A Compelling Day for Immigrants in New Jersey

“One day I just couldn’t take it any more and decid­ed to end it all and called the sui­cide helpline,” said Megh­na, a com­mu­ni­ty mem­ber and advo­cate who shared her per­son­al sto­ry at SAALT’s recent New Jer­sey Immi­gra­tion Town­hall.  Megh­na arrived in the U.S. on her depen­dent spouse visa (H‑4 sta­tus) which did not allow her to work, despite hav­ing a Mas­ters degree and exten­sive pro­fes­sion­al work expe­ri­ence in India.  Megh­na was deprived of a career and forced to stay home for years due to her immi­gra­tion sta­tus.  As a result, she expe­ri­enced lone­li­ness, depres­sion, and a loss of iden­ti­ty, which led to her feel­ing sui­ci­dal.  Despite hit­ting rock bot­tom, her strug­gles inspired her to be a pio­neer and advo­cate for oth­ers like her.  A few years ago, she pro­duced her first film, “Hearts Sus­pend­ed,” a short doc­u­men­tary that reveals the untold sto­ry of South Asian immi­grant women, who strug­gle to sur­vive hav­ing been denied the basic right to work.

In addi­tion to Megh­na, the New Jer­sey Town­hall high­light­ed the expe­ri­ences of two oth­er com­mu­ni­ty mem­bers who shared their immi­gra­tion strug­gles.  Hina, an undoc­u­ment­ed youth, faced many bar­ri­ers grow­ing up with­out immi­gra­tion sta­tus in Amer­i­ca.  She had to hide her sta­tus and was unable to share in ado­les­cent Amer­i­can rights of pas­sage like obtain­ing a driver’s license and dream­ing of col­lege life and career oppor­tu­ni­ties.  With lim­it­ed access to high­er edu­ca­tion, she was unable to plan for her future beyond two years even as a DACA­ment­ed youth.  She relayed her frus­tra­tions, ask­ing the audi­ence, “Can you imag­ine what it’s like for any young per­son want­i­ng to plan their future, but know­ing full well that they can’t think past two years or plan too far ahead due to their undoc­u­ment­ed sta­tus — even though they have only known U.S. as their home?”  Final­ly, Mah­fu­jur, an undoc­u­ment­ed restau­rant work­er and an active mem­ber of the advo­ca­cy group Desis Ris­ing Up and Mov­ing (DRUM), spoke about his expe­ri­ence putting in long hours, get­ting paid far less than the min­i­mum wage, and often, being mis­treat­ed.  He expressed his fears and those of his friends and fam­i­ly in sim­i­lar sit­u­a­tions and their reluc­tance to com­plain, fear­ing retal­i­a­tion from their employ­ers or depor­ta­tion.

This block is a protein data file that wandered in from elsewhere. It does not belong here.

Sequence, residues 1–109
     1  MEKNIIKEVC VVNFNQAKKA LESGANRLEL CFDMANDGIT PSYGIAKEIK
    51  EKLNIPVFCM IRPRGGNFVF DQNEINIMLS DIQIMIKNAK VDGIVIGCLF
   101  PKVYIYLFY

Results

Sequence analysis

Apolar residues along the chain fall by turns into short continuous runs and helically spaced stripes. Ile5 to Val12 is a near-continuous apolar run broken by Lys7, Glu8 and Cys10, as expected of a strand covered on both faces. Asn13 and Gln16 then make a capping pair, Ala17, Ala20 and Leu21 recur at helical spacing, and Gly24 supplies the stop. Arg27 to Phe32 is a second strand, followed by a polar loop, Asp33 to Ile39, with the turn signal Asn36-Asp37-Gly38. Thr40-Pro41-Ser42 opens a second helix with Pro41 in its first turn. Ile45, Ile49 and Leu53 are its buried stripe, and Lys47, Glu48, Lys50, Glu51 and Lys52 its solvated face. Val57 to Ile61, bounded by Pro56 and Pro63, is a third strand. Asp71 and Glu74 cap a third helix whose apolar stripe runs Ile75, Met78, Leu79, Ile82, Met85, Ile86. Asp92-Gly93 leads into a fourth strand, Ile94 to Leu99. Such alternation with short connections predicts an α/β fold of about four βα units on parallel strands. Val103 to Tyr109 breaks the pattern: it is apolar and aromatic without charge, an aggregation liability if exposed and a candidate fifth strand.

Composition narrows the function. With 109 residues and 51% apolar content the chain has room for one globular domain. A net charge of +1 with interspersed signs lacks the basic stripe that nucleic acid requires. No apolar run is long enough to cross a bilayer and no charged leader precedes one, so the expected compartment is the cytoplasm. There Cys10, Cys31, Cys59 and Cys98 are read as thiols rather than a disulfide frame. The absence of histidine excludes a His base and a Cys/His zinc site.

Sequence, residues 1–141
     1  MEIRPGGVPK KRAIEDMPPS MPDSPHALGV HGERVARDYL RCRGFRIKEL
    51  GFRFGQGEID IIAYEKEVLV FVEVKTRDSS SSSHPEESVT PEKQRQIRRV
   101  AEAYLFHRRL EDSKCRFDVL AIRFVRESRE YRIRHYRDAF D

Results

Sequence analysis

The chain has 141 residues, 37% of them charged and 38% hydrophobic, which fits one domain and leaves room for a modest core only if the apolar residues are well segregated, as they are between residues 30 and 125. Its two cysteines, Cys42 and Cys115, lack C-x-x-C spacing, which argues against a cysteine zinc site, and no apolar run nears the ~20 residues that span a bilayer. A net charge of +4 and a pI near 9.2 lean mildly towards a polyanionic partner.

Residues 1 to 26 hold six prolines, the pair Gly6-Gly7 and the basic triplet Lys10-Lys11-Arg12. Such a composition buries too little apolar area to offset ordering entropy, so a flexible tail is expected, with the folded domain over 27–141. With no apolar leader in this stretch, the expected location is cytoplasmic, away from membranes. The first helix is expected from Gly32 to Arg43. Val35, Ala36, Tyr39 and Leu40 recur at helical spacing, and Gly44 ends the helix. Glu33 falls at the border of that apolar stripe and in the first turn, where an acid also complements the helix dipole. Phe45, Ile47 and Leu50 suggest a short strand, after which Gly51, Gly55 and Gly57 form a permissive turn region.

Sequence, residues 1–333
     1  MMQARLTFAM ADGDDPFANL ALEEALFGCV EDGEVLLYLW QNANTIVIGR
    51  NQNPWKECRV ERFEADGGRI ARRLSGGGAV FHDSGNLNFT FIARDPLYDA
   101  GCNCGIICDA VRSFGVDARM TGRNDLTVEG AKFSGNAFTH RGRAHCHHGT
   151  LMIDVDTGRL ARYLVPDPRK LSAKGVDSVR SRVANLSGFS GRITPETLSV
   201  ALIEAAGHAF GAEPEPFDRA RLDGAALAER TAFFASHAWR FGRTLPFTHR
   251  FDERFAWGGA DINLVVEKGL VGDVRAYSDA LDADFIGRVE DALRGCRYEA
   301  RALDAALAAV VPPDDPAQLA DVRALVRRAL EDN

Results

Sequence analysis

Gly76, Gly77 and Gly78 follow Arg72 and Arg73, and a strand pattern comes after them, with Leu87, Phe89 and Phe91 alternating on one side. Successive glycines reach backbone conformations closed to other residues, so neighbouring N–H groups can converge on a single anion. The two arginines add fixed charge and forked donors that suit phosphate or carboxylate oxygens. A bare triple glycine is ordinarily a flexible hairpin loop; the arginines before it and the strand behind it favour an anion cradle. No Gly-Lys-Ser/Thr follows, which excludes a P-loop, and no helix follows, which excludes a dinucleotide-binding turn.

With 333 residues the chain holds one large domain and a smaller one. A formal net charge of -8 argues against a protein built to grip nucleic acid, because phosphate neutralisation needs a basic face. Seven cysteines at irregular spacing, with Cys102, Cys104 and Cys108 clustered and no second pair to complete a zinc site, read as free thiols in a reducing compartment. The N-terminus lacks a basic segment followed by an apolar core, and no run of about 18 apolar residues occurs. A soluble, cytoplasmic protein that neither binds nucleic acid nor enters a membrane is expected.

After hear­ing these coura­geous and com­pelling sto­ries, a pan­el of advo­cates pro­vid­ed detailed expert analy­sis on the impact of immi­gra­tion reform for South Asians in the U.S. and addressed numer­ous ques­tions posed by over 75 engaged com­mu­ni­ty mem­bers in atten­dance.  One of the final com­ments raised high­light­ed per­haps the most impor­tant and often over­looked issue in the immi­gra­tion reform debate: chal­lenges faced by immi­grants in Amer­i­ca are more than “immi­gra­tion issues” – they are fun­da­men­tal civ­il rights issues.  Eleven mil­lion undoc­u­ment­ed per­sons are in the Unit­ed States today, forced to live in the shad­ows and often denied their basic rights to par­tic­i­pate in soci­ety.  Over 550,000 South Asians are wait­ing to be reunit­ed with their sib­lings or adult mar­ried chil­dren.  Work­ers are repeat­ed­ly denied fair wages and job mobil­i­ty, and are often exploit­ed.  Indi­vid­u­als are fre­quent­ly pro­filed and placed in depor­ta­tion pro­ceed­ings.  Immi­grant women are denied the oppor­tu­ni­ty to work, to have sta­tus inde­pen­dent of their spous­es, and to be afford­ed immi­gra­tion oppor­tu­ni­ties like those of men.

SAALT’s New Jer­sey Immi­gra­tion Town­hall was one of six com­mu­ni­ty dia­logues designed to spark debate, coali­tion-build­ing, and advo­ca­cy around immi­gra­tion reform this year. In Cal­i­for­nia, Mary­land, Michi­gan, Texas, and this week­end, in Illi­nois, the South Asian com­mu­ni­ty is increas­ing­ly engaged on these issues. And, we are con­fi­dent that the con­ver­sa­tion will not end there.  These forums are sim­ply the begin­ning of a dia­logue about how we as a com­mu­ni­ty can raise our voic­es around immi­gra­tion poli­cies as they impact us.  From all these com­mu­ni­ty events, one mes­sage remains clear: the South Asian com­mu­ni­ty will be heard today, tomor­row, and for many days to come.

Navneet Bhalla
New Jer­sey Pol­i­cy and Out­reach Coor­di­na­tor
South Asian Amer­i­cans Lead­ing Togeth­er, SAALT

Engage in the immi­gra­tion con­ver­sa­tion, by shar­ing your sto­ry, learn­ing how to engage with your Mem­ber of Con­gress, and start­ing a dia­logue in your local com­mu­ni­ty. For more infor­ma­tion on these actions or to learn more about upcom­ing town­halls, please con­tact info@saalt.org.